Each time, the doubters say, Mr Obama’s delicate overtures are met with ambiguity or contempt. Since he engaged Iran, it has continued to temporise and dissimulate over its nuclear programme. When Mr Obama abandoned a missile-defence system in Europe, he appeared to extract a pledge from Russia’s president, Dmitry Medvedev, that his country would support sanctions if Iran is recalcitrant—only for Vladimir Putin, the prime minister, repeatedly to say he sees no need. Although America has pledged $7.5 billion in aid to Pakistan over five years, the army seems reluctant to take on the Taliban who drift from northern Pakistan into Afghanistan—indeed, the conditions riding on the grant were spun by the Pakistani security services into an American “insult” (see article). Yes, Mr Karzai eventually buckled in Kabul, but his readiness to thumb his nose at the world superpower was humiliating.
(This was written before the recent Iranian snub). Meanwhile, other observers thinkObama is doing just fine:
The “clever” camp retort that diplomacy is not about instant gratification. Mr Obama has pulled off the urgent tasks of starting to withdraw troops from Iraq and resetting America’s dysfunctional relations with Russia. He has boosted the G20 as a new global forum. This week Israel announced a partial settlement freeze. With health-care reform under his belt, he will soon be able to turn to world affairs with his status enhanced. Besides, you could hardly accuse Mr Obama of timidity. In three speeches in Prague, Cairo and Accra, he set out a new foreign policy that rejects the Manichean view of his predecessor. He means to negotiate deep cuts in nuclear weapons, make peace between Arabs and Jews, engage Iran, heal the climate and establish America as the strongest and most upright pole of a multipolar world. Yes, this work lies ahead, but how much can you ask in a year of war and recession?
Personally, I'm in the doubter camp, and have been ever since I decided, in October 2008, not to cast my expat vote at all in the presidential elections. I couldn't bring myself to vote against Obama, but since I saw no reason to think he understood the world, I couldn't vote for him, either. In the meantime the best I can say is that on the Israel-Palestine topic he's done damage, and in facing Iran he has probably caused considerable damage, though both topics deserve posts of their own. Later today he will give an important speech about Afghanistan, which is the immediate reason the Economist offered their take; they're still undecided but think we'll soon know:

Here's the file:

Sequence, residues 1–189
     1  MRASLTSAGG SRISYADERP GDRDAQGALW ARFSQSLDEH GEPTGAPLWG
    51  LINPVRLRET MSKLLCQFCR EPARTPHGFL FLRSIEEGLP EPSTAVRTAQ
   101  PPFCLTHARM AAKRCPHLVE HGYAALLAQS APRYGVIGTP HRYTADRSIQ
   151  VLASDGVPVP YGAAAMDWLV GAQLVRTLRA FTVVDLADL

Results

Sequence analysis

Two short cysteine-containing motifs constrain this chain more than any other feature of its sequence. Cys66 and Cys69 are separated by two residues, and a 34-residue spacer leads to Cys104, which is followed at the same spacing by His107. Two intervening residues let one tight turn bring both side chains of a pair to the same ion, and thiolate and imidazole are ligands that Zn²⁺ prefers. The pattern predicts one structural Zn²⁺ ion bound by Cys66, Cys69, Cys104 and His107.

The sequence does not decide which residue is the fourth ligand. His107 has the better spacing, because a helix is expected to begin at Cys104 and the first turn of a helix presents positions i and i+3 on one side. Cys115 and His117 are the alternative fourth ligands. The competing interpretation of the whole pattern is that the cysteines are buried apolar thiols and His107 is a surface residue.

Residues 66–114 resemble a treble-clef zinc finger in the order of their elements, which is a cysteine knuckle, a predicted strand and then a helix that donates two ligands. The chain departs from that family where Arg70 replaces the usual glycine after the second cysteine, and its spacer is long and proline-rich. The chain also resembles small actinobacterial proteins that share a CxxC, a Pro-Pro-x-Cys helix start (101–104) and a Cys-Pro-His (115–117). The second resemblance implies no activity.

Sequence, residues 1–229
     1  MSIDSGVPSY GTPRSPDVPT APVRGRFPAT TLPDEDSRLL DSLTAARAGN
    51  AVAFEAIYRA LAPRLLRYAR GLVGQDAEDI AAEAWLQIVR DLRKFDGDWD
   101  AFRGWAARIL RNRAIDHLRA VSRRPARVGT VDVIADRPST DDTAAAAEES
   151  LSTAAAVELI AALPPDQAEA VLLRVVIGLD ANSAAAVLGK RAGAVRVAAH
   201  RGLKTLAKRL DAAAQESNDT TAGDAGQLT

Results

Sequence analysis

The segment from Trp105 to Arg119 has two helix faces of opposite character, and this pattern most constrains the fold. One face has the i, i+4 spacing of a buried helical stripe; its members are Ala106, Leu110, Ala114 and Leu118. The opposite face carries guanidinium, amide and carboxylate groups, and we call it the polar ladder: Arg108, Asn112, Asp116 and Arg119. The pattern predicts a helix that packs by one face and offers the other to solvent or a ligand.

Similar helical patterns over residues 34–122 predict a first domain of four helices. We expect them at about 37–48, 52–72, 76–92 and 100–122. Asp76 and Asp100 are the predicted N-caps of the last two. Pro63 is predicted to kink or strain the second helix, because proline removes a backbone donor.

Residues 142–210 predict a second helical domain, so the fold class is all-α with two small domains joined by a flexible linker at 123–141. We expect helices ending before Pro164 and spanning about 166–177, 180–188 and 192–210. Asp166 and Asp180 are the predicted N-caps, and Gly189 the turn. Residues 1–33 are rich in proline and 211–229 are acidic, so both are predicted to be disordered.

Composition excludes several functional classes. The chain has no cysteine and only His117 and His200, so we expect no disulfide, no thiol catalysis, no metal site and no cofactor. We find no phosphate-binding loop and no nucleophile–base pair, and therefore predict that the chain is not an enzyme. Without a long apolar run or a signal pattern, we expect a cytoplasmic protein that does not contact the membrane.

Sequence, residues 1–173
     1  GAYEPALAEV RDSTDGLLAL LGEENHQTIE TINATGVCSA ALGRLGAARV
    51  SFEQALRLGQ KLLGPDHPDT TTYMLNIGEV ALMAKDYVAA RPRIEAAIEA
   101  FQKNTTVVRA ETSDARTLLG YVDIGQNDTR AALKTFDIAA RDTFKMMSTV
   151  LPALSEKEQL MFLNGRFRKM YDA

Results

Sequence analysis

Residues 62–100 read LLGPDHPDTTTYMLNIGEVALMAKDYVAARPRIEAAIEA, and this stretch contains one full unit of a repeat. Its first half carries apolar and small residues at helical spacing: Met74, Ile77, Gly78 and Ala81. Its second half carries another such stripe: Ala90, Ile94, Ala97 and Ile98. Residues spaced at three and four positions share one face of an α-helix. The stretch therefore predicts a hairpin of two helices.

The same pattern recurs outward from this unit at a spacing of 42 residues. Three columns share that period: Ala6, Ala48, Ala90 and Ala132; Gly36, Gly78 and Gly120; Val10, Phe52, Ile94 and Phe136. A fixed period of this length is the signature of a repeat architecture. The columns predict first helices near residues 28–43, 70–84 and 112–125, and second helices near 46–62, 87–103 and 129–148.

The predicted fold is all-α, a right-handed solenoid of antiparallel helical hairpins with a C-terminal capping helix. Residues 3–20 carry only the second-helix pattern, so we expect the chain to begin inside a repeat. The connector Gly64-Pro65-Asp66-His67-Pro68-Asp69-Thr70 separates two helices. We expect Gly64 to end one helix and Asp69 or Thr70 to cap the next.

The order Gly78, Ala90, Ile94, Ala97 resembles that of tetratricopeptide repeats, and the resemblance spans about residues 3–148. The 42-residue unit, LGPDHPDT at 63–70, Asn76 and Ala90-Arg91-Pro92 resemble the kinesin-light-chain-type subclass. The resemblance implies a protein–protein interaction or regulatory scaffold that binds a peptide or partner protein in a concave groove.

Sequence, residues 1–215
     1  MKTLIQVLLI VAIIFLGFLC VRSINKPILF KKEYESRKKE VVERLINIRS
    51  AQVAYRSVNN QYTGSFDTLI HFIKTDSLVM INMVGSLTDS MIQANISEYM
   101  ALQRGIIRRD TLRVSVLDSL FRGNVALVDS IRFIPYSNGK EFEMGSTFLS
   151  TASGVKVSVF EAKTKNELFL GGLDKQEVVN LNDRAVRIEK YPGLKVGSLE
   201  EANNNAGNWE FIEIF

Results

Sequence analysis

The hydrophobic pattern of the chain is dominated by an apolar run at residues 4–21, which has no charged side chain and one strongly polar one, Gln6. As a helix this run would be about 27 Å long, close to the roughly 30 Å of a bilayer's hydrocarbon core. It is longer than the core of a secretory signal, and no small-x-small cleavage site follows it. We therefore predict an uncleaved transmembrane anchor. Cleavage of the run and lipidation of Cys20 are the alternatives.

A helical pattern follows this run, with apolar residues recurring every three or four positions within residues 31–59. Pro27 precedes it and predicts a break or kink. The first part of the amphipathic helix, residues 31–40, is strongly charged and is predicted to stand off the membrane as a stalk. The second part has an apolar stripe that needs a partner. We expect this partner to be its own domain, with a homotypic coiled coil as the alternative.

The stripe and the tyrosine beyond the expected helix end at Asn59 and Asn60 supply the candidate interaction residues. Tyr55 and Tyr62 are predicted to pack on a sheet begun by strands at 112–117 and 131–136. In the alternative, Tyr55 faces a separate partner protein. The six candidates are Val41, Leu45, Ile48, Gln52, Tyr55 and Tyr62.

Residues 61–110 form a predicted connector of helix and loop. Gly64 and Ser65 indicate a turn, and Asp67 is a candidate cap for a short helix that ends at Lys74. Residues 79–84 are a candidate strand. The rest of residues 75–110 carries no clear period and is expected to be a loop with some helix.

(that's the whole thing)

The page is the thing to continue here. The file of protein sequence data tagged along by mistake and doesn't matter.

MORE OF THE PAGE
In the coming weeks he could prove the doubters wrong. He could lead the way towards a brave deal on the climate. He could press Iran to negotiate over its nuclear programme before his own end-of-year deadline—or secure Russian backing for sanctions. He could agree to cut nuclear arms with Russia. He could bully the Palestinians and Mr Netanyahu to agree to talk. And he could get Mr Karzai and Pakistan to show that they mean to make Afghanistan governable. Even part of that list would set up Mr Obama as a foreign-policy president. But if there is no progress, then Mr Obama will be cast as starry-eyed and weak. He himself recognised the danger of that in one of those golden speeches: “Rules must be binding. Violations must be punished. Words must mean something.”
Since Obama will remain the most important individual on the world scene for at least another three years, I'm still eager to have him complete his crash course in world events, grow up, and prove himself an historic figure of reconciliation and healing,so that I can admit I was all wrong about him.